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What does being “recovered” from an eating disorder mean? Well, there is no “one-size-fits-all” definition. I believe everybody has or should have their own idea of what being “recovered” means to them. Perhaps you can take a moment and collect your thoughts about what recovery means to you and examine how far you are from that place.
Once you enter the “I am recovered” status, you are out there to be looked at as an example. Unfortunately, this can come with being judged by others, while they wonder whether you really have recovered. This is something that you cannot avoid, and you will have to learn how to handle.
The best thing to keep in mind is that we should not worry about what other people think about our recovery.
Believe it or not, what others think doesn’t matter. But there is one thing that does matter: you! You are recovering for yourself, not for anybody else. I challenge you to ask yourself the following questions: “Am I recovered? Am I free?” If your answer is “yes”, this is great news! You must be living your life to the fullest, with all the challenges, ups and downs, and joy that life throws at you. I am thrilled for you!
If your answer is “no”, there is no need to beat yourself up. You can recover. It takes effort and consistency. And when you put all the energy that you put into your eating disorder into your recovery instead, then you can and you will recover.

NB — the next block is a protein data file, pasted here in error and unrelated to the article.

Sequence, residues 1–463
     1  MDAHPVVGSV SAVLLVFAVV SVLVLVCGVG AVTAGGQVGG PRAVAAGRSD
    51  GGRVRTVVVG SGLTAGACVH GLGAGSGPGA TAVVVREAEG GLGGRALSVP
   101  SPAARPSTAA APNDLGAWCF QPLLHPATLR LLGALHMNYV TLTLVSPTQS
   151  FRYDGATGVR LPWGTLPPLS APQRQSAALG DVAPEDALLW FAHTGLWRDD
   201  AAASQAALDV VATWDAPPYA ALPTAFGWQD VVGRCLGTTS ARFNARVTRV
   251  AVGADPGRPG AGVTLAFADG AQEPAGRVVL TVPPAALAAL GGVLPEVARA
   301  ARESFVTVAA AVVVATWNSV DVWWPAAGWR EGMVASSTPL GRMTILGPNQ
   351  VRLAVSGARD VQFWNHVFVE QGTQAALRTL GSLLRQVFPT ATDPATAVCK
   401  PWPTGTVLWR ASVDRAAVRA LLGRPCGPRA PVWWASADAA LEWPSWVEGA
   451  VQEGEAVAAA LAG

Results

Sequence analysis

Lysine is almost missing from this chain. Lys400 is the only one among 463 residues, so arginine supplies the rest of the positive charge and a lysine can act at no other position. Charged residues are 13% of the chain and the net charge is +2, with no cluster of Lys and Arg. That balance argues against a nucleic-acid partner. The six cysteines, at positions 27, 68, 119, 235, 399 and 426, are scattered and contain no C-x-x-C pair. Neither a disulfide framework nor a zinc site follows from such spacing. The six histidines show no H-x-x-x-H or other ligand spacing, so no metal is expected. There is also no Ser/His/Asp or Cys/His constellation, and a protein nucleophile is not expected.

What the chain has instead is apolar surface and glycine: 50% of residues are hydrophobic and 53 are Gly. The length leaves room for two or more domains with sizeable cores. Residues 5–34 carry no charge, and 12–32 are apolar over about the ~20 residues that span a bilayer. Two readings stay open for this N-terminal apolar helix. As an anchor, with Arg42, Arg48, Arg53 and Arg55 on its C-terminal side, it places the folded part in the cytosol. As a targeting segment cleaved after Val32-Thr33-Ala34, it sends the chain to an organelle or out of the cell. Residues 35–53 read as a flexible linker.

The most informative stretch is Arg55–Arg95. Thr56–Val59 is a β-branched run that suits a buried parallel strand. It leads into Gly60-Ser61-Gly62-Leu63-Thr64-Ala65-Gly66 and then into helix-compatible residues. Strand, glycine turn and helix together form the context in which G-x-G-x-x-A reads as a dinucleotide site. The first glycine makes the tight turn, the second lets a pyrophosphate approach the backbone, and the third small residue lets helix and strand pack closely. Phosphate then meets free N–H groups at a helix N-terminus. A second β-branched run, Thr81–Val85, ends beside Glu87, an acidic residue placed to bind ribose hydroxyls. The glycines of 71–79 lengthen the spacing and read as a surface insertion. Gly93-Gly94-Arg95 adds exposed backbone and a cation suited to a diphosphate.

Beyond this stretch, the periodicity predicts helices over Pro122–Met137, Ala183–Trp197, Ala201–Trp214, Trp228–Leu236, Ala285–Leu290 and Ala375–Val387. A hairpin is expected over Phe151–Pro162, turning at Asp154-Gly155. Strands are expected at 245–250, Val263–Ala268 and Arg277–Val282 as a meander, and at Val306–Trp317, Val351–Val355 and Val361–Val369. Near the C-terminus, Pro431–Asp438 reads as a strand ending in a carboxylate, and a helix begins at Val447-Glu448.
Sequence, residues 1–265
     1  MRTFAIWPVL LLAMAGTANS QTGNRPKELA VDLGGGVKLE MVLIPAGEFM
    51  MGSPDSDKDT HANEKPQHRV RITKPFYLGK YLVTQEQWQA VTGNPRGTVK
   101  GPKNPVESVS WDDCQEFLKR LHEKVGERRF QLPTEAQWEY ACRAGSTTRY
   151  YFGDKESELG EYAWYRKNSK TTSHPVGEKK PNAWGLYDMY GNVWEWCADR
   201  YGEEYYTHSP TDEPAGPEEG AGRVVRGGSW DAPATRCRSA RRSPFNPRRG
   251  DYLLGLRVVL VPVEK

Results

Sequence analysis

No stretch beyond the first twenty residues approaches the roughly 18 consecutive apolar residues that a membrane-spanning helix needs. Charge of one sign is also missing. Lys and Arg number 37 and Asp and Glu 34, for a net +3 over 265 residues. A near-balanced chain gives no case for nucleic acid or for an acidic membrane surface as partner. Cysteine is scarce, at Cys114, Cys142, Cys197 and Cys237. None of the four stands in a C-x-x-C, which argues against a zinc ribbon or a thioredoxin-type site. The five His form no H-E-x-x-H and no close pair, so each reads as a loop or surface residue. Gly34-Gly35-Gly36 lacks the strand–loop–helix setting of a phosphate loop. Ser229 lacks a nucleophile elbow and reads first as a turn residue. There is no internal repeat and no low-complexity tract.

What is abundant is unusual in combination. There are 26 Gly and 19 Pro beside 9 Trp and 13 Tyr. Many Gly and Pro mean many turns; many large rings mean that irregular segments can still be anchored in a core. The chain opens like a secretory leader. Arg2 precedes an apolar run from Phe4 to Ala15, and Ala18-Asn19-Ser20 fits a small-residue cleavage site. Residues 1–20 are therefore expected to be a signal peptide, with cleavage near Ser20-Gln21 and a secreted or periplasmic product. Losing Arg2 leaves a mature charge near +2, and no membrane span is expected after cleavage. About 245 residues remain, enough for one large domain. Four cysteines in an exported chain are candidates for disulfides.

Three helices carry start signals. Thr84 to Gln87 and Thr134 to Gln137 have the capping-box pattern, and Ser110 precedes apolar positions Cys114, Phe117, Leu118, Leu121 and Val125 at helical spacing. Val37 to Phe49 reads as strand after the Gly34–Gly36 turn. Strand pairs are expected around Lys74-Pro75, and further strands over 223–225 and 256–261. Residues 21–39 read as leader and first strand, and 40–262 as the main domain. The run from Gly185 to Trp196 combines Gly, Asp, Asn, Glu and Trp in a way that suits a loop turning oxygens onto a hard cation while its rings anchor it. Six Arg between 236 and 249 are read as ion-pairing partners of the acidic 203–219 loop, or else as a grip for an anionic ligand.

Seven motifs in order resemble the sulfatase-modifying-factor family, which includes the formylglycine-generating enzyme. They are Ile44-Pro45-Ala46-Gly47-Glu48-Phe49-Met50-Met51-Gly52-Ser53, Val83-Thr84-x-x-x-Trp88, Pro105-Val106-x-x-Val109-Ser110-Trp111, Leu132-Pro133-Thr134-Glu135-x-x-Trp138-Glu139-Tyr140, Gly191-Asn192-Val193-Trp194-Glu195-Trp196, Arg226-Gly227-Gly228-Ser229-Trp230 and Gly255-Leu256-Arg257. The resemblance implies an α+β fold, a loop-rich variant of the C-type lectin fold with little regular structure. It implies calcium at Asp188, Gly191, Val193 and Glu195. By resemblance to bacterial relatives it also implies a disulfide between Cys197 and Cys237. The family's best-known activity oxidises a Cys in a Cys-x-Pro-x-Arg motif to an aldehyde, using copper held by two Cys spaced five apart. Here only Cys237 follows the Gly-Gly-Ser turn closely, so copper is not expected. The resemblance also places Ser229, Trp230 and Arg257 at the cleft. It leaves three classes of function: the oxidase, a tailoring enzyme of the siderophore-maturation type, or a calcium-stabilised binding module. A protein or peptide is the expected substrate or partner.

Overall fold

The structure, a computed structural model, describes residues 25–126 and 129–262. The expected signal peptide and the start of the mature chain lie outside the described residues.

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Most importantly, you need to believe that you are worth it.
I was told numerous times there was no way I would ever recover. Honestly, even I did not believe in my recovery. During my recovery, doubt snuck in and I did not believe it was possible to be recovered. Now I know doubt is not only part of recovery, it’s also part of life. Doubt is part of being human. So if you ever doubt anything, even things you once felt confident about, know it is completely normal.
Perhaps you are in an in-between stage, confused whether you have recovered or not.
As frustrating as it can be, it is important to recognize it. As mentioned, there are so many definitions of recovery and “recovered,” and I want to emphasize the importance of having your own definition. This definition should be the goal you are marching towards. Why? Because the ultimate goal is to reach a place that you really want to be (not a place others define for you) and to live and enjoy the life you create.
I have been there myself. I thought I was recovered, and I said that I was recovered, but in truth, I wasn’t. Having said that, I know that even that stage was part of my recovery. I had to acknowledge that I was still working my way towards freedom. The realization of that was rather hard because I wanted to be at the “finish line.” I wanted to be recovered, I wanted to help others, and I longed to be an empowering example.
I was hard on myself, and I wanted to have the “perfect” recovery. Just as perfectly as I obeyed my eating disorder, I also wanted to recover “perfectly.”